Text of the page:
posted by 124g [19 posts]
23rd August 2014 - 10:51

0 Likes

Putting aside the flat earth "they should be steel" thing, I had a look at one these the other day and was quite tempted (zero .4). Much better looking in the flesh and a good write up in Bikes etc.

However they seem a bit weighty (I know, I know). The frame is sub 1kg, but the ultegra level .4 ends up up at 8.2kg. Fulcrum racing 7s are no featherweight but even a big upgrade on them wouldn't make a huge difference. Where's all the weight? Anyone know anything about the finishing kit?

posted by allanj [50 posts]
25th November 2014 - 19:32

0 Likes

allanj wrote:
Putting aside the flat earth "they should be steel" thing, I had a look at one these the other day and was quite tempted (zero .4). Much better looking in the flesh and a good write up in Bikes etc.

However they seem a bit weighty (I know, I know). The frame is sub 1kg, but the ultegra level .4 ends up up at 8.2kg. Fulcrum racing 7s are no featherweight but even a big upgrade on them wouldn't make a huge difference. Where's all the weight? Anyone know anything about the finishing kit?

My Fulcrum 7's with budget tyres are 800g heavier than my zeros with Schwalbe ones.

posted by ajmarshal1 [402 posts]
25th November 2014 - 20:18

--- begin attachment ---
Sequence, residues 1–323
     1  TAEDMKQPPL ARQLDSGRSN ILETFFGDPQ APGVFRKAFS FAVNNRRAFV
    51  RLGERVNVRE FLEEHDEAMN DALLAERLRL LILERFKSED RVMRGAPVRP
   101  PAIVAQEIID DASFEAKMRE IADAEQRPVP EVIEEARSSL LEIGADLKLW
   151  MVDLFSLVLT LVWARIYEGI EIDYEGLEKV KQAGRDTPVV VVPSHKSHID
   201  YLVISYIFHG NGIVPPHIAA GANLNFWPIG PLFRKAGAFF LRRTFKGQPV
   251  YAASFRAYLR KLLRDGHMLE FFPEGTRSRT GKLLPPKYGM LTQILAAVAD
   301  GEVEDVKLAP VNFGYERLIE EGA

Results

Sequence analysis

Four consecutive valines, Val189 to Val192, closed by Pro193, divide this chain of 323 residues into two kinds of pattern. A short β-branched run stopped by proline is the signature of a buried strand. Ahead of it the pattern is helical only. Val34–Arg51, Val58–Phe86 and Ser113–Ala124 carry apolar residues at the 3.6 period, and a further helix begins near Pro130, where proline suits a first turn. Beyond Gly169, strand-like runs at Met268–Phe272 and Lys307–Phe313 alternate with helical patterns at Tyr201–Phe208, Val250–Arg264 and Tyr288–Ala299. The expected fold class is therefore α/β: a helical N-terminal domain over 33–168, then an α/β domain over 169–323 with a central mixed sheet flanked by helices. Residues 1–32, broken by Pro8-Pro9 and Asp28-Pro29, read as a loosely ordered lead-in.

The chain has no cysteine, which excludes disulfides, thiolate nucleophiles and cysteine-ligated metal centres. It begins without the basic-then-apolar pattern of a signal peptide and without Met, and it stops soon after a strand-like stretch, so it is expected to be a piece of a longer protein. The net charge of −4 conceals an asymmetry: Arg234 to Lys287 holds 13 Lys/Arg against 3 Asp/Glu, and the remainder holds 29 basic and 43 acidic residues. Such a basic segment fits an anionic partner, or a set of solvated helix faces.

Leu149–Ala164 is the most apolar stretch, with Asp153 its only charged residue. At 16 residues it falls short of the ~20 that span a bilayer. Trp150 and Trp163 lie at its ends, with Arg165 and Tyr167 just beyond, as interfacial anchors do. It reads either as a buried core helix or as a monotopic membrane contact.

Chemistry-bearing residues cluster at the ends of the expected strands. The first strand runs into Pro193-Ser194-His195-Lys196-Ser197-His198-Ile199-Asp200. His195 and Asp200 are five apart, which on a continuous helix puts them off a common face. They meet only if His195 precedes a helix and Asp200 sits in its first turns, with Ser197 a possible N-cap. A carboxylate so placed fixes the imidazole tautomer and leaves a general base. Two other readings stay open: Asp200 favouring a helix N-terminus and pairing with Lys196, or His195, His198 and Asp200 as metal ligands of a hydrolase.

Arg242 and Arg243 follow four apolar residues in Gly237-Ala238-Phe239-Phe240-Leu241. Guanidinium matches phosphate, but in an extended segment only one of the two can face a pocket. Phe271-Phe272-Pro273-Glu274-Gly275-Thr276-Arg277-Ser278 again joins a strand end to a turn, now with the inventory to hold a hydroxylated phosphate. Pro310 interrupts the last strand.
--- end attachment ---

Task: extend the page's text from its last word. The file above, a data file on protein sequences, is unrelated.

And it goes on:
0 Likes

Which is kind of my point- it's a big step up to racing zeros (£700ish, over a third of the cost of the bike). That'll save 300g.

The tyres are conti Grand Prix so hardly "budget" - you can go lighter, granted.

Maybe they are just more honest about their weights?

posted by allanj [50 posts]
26th November 2014 - 0:07

0 Likes

allanj wrote:
Which is kind of my point- it's a big step up to racing zeros (£700ish, over a third of the cost of the bike). That'll save 300g.

The tyres are conti Grand Prix so hardly "budget" - you can go lighter, granted.

Maybe they are just more honest about their weights?

Ultegra isn't exactly light either. Ultegra + Fulcrum 7's on anything and you're approaching 8kg. All the finishing kit looks 'in-house' too (It's labelled Genesis) so almost certainly porky if they've just bought in budget seat posts and cockpits.

posted by ajmarshal1 [402 posts]
26th November 2014 - 21:41

0 Likes

Ultegra seems pretty light to me- I'm not in the Dura Ace league!

I've emailed and asked about the finishing kit, awaiting a reply. Looks pretty generic.

posted by allanj [50 posts]
26th November 2014 - 23:36

0 Likes